Chronic hep C is considered a silent disease. People who are infected with the virus may not have symptoms. However, having hep C can still be causing damage to your liver. If symptoms do appear, they may include fever, fatigue, loss of appetite, nausea, vomiting, jaundice, abdominal pain, joint pain, dark urine, and gray-colored stools. Hep C can lead to cirrhosis and liver cancer. So it's important to understand what the risk factors for hep C are. If you are at risk, get tested and learn your results so you can talk with your doctor about next steps, including treatment options. Hep C is a curable* disease.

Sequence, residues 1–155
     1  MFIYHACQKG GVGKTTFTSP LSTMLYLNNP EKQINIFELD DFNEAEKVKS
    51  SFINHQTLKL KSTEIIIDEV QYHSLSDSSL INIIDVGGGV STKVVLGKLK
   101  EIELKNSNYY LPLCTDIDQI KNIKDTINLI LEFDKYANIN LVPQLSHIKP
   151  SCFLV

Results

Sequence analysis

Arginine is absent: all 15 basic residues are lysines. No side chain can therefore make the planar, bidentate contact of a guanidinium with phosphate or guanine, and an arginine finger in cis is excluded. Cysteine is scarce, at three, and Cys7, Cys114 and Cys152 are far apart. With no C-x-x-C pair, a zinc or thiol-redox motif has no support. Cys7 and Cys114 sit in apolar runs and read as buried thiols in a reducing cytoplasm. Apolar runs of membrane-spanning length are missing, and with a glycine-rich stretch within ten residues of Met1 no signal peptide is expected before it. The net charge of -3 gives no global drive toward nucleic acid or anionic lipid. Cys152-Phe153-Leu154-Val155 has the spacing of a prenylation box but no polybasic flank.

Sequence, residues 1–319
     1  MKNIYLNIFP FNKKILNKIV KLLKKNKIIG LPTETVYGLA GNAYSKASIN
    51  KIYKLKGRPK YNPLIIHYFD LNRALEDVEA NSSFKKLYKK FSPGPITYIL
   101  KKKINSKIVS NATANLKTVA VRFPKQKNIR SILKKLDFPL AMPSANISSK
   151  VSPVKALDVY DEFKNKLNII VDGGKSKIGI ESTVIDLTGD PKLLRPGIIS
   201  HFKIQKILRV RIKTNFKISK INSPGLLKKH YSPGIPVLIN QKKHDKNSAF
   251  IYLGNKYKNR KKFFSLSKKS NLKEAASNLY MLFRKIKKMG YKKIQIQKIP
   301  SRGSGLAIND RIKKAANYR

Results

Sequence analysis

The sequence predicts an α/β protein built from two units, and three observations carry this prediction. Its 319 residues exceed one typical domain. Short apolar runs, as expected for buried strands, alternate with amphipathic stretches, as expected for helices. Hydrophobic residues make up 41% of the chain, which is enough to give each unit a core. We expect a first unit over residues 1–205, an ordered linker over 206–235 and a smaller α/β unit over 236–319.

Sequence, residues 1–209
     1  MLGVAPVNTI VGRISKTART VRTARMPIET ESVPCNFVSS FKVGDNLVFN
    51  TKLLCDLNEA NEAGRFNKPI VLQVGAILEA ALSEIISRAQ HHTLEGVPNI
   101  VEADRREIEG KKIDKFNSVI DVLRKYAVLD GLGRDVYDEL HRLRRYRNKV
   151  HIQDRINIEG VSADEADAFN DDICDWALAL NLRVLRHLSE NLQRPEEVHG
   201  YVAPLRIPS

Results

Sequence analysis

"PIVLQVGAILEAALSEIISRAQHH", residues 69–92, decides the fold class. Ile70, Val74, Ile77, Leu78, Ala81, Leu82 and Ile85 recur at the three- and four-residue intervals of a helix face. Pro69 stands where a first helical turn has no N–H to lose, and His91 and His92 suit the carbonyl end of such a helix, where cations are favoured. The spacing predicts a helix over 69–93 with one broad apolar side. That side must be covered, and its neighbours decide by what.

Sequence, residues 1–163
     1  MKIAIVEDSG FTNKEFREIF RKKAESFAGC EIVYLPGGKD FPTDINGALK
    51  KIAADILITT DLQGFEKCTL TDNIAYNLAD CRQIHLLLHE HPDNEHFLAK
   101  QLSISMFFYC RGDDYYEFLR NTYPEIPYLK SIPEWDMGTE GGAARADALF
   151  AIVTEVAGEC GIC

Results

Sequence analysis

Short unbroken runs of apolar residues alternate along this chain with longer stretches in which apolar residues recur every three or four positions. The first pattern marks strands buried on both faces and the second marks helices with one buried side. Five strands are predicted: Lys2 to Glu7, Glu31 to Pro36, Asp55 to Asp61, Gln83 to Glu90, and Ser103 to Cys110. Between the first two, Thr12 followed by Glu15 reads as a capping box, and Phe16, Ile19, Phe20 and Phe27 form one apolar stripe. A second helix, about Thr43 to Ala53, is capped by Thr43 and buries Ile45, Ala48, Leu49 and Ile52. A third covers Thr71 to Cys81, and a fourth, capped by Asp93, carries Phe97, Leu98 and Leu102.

*Cure means the hep C virus is not detectable in the blood months after treatment ends.
Take charge of your health and the health of the people around you. Get tested for hep C antibodies, and encourage others in your community who are at risk to get tested, too. Together, we can take down hep C.
Being diagnosed with hep C can be a life changer. You should know that after you get tested for hep C antibodies, you should talk to your doctor about your results. If you test positive, your doctor will need to give you a confirmatory test to make sure you have the virus. If your doctor tells you that you have chronic hep C, you may be able to be cured.* It's important to discuss your diagnosis with your doctor to see what your options are.
*Cure means the hep C virus is not detectable in the blood months after treatment ends.Learn about available treatment options
For more information about living with hep C, visit HepC.com or call 1-844-258-HEPC (1-844-258-4372).